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New Forest Middle Distance Tri 2012 – Hetty Bostock

Race New Forest Logo

Two weeks after Reading and the recovery and training is still going well. The legs feel good, probably due to an easier stretch in the A&E rota!

Competing in the middle distance (70.3) is probably not high on ones list of priorities only 3 weeks from the Olympic distance world champs. Although the distance is long, I prefer it, there’s less emphasis on the swim.

As we line up on the lake edge for briefing, air temp 5 degrees, steady rain and wind; I ask myself the same question I ask every time: Why am I doing this? I should be wrapped up in a duvet, with the most strenuous task of the day ahead being to fetch the Sunday Times.

The water temperature is a balmy 19 degrees and as we set off I begin to relax around one loop of Ellingham Lake. The swim is fine, steady and despite being on the slow side, for the first time, I don’t panic in the open water.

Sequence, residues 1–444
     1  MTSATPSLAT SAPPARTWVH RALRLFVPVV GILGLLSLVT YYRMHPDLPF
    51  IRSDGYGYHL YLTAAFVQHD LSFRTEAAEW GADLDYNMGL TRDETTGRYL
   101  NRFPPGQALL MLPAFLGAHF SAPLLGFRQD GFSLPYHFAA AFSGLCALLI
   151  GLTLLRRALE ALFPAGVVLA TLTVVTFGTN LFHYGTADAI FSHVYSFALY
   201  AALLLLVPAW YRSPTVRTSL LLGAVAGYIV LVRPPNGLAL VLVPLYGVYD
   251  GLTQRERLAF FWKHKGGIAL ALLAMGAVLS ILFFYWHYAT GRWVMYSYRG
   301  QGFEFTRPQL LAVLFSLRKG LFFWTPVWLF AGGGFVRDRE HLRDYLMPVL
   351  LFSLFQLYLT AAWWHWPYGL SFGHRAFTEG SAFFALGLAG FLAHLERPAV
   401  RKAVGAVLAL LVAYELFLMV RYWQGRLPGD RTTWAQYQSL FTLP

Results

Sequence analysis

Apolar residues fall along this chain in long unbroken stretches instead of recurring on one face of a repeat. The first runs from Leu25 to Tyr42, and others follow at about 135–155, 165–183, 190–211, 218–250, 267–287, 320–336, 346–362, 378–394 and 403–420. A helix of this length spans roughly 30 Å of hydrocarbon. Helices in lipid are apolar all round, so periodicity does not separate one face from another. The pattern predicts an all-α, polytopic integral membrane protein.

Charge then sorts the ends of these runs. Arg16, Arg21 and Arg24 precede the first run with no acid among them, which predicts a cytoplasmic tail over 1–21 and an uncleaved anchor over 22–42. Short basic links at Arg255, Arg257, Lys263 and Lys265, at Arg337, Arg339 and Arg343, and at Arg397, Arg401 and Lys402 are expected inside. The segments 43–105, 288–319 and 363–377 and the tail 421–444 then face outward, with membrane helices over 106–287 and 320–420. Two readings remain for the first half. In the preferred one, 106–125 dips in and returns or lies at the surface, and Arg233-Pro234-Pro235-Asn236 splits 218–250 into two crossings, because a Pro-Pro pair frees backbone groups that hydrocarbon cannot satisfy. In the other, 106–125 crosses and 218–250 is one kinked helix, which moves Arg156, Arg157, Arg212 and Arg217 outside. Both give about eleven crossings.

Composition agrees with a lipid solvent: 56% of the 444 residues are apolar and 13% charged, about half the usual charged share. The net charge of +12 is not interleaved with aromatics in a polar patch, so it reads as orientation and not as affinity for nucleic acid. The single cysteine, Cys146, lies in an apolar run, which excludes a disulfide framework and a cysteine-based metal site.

After a fairly swift T1, I head out for the 56mile bike. Time to test the carbon brakes in the wet… After an impressive skid onto a grass verge and into a hedge, I can safely (unsafely?) say they are distinctly average. Whoever said the New forest was flat, obviously haven’t raced the middle distance as these guys have managed to find every little hill and include it in this race. With reference to earlier brakes, this slows me down – a lot. Especially down Boulderwood Ornamental drive, there’s a compulsory stop at the A35 and removal of shoe from pedal. I have to sit up and pump the brakes the whole way down. The sticky descents and cornering are frustrating but I make quick progress uphill and start picking off the competition ahead.

Despite dropping food twice and then stopping to retrieve it; A spectacular skid into a hedge; My inability to operate gears due to frozen hands; what felt like force 7 gale head winds and pouring rain; A set of seriously dubious brakes, I finish the bike feeling strong. Especially as I pull into T2 and there are only 20 or so bikes racked.